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Positive Law

[1] Why is there a specialized meaning for the term “positive law” with respect to the United States Code, and why is this term used despite the potential for confusion with the broader meaning given to the identical term in legal philosophy? The answer involves a historical solution to a statutory drafting problem. For generations, Congress has used the term “positive law” when it enacts a title of the Code, as such, into statutory law. For example, section 1 of the Act of July 30, 1947 (1 U.S.C. note prec. 1), provides in relevant part: “Title 1 of the United States Code entitled ‘General Provisions’, is codified and enacted into positive law . . . .” (emphasis added). Earlier legislative drafters chose the term “positive law” in order to capture the abstract distinction between a title of the Code that has been enacted, as such, versus a title of the Code that has not been enacted, as such, but that sets forth enacted statutes. More literally, this distinction might be expressed as “enacted title” versus “non-enacted title”, but those literal terms are problematic since they incorrectly suggest that provisions set forth in a “non-enacted title” of the Code have not been enacted. Those provisions have been enacted, but as part of a number of freestanding statutes rather than as part of an enacted (positive law) title. The specialized use of the term “positive law” in this situation captures the abstract distinction between the two types of titles in the Code, and the use of the term in this way is now well established.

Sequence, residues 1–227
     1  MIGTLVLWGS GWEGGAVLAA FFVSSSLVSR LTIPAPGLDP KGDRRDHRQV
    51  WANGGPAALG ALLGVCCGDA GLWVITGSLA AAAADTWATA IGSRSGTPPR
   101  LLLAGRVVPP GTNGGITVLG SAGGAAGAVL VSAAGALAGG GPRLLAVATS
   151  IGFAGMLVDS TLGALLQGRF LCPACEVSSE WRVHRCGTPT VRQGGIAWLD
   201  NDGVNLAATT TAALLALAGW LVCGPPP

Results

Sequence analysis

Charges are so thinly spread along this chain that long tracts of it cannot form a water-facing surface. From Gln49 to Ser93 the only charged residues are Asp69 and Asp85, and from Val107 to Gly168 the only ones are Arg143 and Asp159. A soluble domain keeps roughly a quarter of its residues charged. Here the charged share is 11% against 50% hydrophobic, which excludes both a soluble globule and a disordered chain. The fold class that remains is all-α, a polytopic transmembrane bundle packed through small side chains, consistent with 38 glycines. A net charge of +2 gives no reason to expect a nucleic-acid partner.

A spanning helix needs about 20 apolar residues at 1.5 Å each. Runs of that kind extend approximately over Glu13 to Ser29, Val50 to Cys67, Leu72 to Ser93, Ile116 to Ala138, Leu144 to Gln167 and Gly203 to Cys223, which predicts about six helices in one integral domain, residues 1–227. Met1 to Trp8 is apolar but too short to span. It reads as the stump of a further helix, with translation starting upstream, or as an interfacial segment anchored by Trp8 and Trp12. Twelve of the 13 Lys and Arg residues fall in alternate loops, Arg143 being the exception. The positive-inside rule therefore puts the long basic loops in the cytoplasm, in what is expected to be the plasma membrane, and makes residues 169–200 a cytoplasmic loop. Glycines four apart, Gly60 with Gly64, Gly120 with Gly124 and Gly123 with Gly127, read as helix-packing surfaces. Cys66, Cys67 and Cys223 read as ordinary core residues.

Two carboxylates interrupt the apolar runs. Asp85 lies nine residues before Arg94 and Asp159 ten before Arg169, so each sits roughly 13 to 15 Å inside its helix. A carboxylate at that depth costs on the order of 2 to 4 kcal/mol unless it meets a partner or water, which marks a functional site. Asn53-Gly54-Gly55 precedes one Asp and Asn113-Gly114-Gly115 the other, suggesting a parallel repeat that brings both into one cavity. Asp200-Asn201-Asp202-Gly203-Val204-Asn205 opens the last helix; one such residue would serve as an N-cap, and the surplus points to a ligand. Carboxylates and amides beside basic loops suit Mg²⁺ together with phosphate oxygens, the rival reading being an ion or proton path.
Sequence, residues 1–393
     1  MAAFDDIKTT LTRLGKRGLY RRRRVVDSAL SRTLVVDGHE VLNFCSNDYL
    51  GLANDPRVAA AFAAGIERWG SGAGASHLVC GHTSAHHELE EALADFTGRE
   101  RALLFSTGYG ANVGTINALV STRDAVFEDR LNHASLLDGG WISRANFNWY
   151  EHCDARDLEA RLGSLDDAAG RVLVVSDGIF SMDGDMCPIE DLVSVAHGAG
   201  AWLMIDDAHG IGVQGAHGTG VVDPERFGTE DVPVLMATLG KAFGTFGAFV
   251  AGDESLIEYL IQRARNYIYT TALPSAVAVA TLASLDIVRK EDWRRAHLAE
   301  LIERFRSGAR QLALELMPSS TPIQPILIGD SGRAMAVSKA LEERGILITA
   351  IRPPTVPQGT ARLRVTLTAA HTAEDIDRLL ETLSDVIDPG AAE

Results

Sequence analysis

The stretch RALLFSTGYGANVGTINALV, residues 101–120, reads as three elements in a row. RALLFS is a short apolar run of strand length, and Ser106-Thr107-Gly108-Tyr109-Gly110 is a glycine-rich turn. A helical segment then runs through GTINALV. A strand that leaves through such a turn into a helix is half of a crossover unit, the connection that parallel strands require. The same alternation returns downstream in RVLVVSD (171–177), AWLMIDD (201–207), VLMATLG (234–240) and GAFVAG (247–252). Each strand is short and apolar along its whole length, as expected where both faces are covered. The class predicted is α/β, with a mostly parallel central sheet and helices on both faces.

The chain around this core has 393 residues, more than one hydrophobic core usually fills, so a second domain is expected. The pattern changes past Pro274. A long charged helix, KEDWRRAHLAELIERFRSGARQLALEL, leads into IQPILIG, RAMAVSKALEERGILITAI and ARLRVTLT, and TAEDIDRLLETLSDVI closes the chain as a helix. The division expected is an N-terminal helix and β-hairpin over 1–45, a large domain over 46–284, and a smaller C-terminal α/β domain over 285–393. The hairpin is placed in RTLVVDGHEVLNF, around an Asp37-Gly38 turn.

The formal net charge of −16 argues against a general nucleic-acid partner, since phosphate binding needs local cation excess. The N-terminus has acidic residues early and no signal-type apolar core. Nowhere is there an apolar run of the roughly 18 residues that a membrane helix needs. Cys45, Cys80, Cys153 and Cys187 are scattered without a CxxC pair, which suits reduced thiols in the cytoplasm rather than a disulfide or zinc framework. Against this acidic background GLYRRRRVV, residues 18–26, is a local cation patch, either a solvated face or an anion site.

[2] “Positive law typically consists of enacted law—the codes, statutes, and regulations that are applied and enforced in the courts. The term derives from the medieval use of positum (Latin “established”), so that the phrase positive law literally means law established by human authority.” Black’s Law Dictionary 1200 (8th ed. 2004).

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